Could of had a V-8: 51 Nash-Healey Roadster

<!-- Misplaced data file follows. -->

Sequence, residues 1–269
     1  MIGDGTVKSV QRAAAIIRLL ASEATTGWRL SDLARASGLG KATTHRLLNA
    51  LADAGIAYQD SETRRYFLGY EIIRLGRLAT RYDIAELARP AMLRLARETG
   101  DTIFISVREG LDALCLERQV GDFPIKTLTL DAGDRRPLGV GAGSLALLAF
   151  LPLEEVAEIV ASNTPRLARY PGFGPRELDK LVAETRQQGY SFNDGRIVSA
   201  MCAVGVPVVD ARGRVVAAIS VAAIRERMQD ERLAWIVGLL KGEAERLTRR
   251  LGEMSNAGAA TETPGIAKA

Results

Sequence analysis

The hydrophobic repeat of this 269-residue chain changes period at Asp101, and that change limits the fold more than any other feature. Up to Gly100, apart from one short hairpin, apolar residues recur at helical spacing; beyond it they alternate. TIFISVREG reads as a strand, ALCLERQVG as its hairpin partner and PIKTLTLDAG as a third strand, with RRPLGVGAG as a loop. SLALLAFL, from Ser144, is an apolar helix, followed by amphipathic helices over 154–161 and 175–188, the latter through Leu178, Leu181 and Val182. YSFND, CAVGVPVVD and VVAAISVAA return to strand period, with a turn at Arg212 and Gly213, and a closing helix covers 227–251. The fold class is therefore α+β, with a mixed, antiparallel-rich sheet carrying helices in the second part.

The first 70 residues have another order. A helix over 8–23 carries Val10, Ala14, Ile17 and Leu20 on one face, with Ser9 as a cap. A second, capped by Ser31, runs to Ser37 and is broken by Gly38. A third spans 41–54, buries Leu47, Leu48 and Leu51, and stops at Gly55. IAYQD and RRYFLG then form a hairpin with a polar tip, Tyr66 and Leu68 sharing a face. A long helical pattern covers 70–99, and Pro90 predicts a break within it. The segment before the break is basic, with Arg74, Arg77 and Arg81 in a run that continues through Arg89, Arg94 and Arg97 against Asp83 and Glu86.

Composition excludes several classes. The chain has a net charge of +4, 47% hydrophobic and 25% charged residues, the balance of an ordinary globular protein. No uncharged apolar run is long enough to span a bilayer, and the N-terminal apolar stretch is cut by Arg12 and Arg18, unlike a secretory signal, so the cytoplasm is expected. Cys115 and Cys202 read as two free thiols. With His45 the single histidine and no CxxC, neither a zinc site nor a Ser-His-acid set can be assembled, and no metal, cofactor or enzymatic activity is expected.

Donald Healey and Nash-Kelvinator CEO George Mason met on the Queen Elisabeth, going from the United States to Great Britain. Healey was returning to England after his attempt to purchase engines from Cadillac, but GM declined his idea. Mason and Healey met over dinner and a production plan ensued during the remainder of the voyage. A prototype was built shortly after an agreement was reached, and the resulting Nash-Healey hit the track. Almost out of the box, the Nash-Healey finished fourth at Le Mans. The best finish the Nash-Healey had was in ’53 when the newly designed Coupe finished 3rd overall at LeMans behind 2 Gullwings. The engine fitted to the early Nash-Healey was sourced from the Ambassador inline six-cylinder OHV 234.8 cu in engine and three-speed manual transmission. Donald designed a hi-compression aluminum head that increased power to around 125 bhp. Considering the length and bulk of the engine, it was not that inspiring. Donald wished the deal for V-8 Cadillacs came through. Today’s find is a 1st year, aluminum-bodied car, that had one owner until recently. The Healey saw periodic attention until 2000 when the owner passed away. Then it sat for 13 years so the old lump of an engine does not turn. But that shouldn’t frighten anyone away because we are talking about an American inline-6 not a 12-cylinder quad-cam Ferrari engine. It needs some other things to make road worthy but we like the patina on this one. Of course, only a close inspection will determine how far and how much is required. Hagerty has a range from $50,000 to over $100,000 thousand for an early Nash-Healey. That may sound like a lot of money but back in 2007 top cars were going for closer to $200,000! The trend is sort of flat with a little uptick. Can’t tell yet where that curve will take us. Learn more about this car at the eBay Auction by clicking here.